Stress is the No. 1 killer of breastmilk supply, especially in the first few weeks after delivery. Between lack of sleep and adjusting to the baby's schedule, rising levels of certain hormones such as cortisol can dramatically reduce your milk supply.
Drink more water. Breastmilk includes lots of water, so it can be a struggle to increase your breast milk production if you aren't well hydrated. In addition to drinking regular water, you may want to consider some lactation tea.
The more frequently milk is removed, the better. After two or three days of regular pumping you should see a significant increase in supply. For advice on getting more milk from each pumping session, read breast pumping tips.
In short, you should pump until milk isn't coming out any more. Or, if you're trying to boost your supply, pump a little while longer after the milk stops flowing.
Genetic background, climate, diseases, feeding, year and season of calving have been reported to affect milk production, lactation length and dry period [2, 3]. Breed, age, stage of lactation, parity and milking frequency also influence performance production [2, 3].
When you are nursing a baby, your body needs extra calories to make breast milk. Reducing the amount of food you eat, whether on purpose or by accident, can affect your breast-milk production, make nursing more difficult and derail your breast-feeding efforts entirely.
Though every breast milk feeding journey is unique, decreased breast milk supply frequently happens around the six-month postnatal mark due to a combination of three major factors.
Deficiencies in certain key nutrients can also play a role in low milk supply. Many in the United States are low in iron, putting breastfeeding parents at risk for exhaustion and depression. Low iron levels are also a risk factor. Mothers may be low in other important nutrients as well: vitamins D and B12.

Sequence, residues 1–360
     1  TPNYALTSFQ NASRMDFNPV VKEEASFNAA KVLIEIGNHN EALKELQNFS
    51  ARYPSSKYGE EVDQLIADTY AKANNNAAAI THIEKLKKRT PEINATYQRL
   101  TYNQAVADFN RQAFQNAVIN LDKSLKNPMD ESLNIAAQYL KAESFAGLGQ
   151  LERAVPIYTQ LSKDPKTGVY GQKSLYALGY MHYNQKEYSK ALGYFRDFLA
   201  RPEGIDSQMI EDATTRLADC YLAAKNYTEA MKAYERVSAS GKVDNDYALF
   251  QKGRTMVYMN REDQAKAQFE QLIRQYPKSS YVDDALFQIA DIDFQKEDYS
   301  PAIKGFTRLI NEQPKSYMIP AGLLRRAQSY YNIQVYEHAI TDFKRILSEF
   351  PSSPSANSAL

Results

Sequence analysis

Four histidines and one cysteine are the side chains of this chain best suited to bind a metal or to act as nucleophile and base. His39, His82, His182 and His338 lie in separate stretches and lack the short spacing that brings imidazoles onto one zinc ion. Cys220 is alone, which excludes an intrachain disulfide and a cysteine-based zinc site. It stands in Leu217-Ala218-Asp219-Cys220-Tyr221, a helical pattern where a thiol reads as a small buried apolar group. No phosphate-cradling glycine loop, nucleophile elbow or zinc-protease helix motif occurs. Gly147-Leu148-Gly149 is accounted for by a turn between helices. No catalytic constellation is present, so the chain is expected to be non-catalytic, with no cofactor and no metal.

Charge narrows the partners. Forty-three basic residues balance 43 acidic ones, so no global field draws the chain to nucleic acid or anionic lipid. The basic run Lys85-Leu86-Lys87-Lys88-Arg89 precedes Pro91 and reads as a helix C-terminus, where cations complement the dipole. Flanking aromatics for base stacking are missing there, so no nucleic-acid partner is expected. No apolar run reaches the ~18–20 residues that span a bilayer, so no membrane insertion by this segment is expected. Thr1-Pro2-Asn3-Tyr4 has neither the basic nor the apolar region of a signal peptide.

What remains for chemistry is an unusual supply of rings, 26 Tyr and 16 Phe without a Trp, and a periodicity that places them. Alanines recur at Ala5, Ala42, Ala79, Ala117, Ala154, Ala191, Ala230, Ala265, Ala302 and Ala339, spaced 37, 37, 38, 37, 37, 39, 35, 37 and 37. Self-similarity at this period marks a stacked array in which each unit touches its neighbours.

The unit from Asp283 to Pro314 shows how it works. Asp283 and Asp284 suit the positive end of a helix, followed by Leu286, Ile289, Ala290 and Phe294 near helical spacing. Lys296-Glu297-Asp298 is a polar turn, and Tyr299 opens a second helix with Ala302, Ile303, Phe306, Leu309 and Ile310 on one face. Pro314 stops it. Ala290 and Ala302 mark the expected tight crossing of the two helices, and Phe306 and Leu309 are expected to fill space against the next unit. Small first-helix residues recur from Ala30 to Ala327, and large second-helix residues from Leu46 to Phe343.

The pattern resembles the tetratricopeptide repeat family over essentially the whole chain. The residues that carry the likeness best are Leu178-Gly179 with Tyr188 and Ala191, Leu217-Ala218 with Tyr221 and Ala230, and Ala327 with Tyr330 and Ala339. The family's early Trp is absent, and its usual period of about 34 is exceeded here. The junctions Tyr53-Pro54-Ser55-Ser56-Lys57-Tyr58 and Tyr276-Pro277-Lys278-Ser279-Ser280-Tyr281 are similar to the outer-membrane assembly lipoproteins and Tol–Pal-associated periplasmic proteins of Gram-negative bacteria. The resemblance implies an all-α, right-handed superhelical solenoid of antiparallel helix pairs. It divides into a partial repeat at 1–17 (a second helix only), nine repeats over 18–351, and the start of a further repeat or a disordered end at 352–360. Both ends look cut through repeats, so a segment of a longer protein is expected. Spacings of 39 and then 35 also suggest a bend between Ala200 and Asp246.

Milk supply usually reaches its peak around four weeks after birth, with most of the increase happening in the first two weeks. If not enough milk is removed during this time, your breasts may end up making less milk than your baby needs.
If your breasts are full and engorged this can reduce the milk flow because of compression. To relieve this, hand express to soften, use a warm flannel and breast massage.
If your breasts feel like they're full but you're not able to get the milk flowing out when you pump, it could be that you're not achieving let down. The let down reflex releases your milk from the milk ducts. This only occurs when you're either breastfeeding or pumping.
Another way to boost your supply is to breastfeed and then pump. Sometimes your breasts may not feel completely “empty” after nursing, so add a pumping session right after your baby finishes eating. This will stimulate your body to produce more and start increasing milk supply – even if it's just a little bit.
The most common cause of lactation failure is insufficient milk or no milk (80%). The age, parity, education, socioeconomic status, religion, family structure, and urban versus rural status of mother all had a bearing on the occurrence of lactation failure (12).
Breast milk alone does not provide infants with an adequate amount of vitamin D. Shortly after birth, most infants will need an additional source of vitamin D.
Many of the signs, such as softer breasts or shorter feeds, that are often interpreted as a decrease in milk supply are simply part of your body and baby adjusting to breastfeeding.
Assuming your milk has come in, “if you are breastfeeding frequently, every two hours, and your baby has a good latch but is not gaining weight, then you probably have low supply,” said Wisner.
Some new mother's may have a hard time producing milk flow after a few weeks because they may not be drinking enough liquid or supplementing with the right vitamins for your babies nutrition. Some vitamins that are low in breast milk are vitamins A, D, and C.
Choose foods rich in iron, protein and calcium.
For protein, consider plant sources, such as soy products and meat substitutes, legumes, lentils, nuts, seeds, and whole grains. Eggs and dairy are other options. Good sources of calcium include dairy products and dark green vegetables.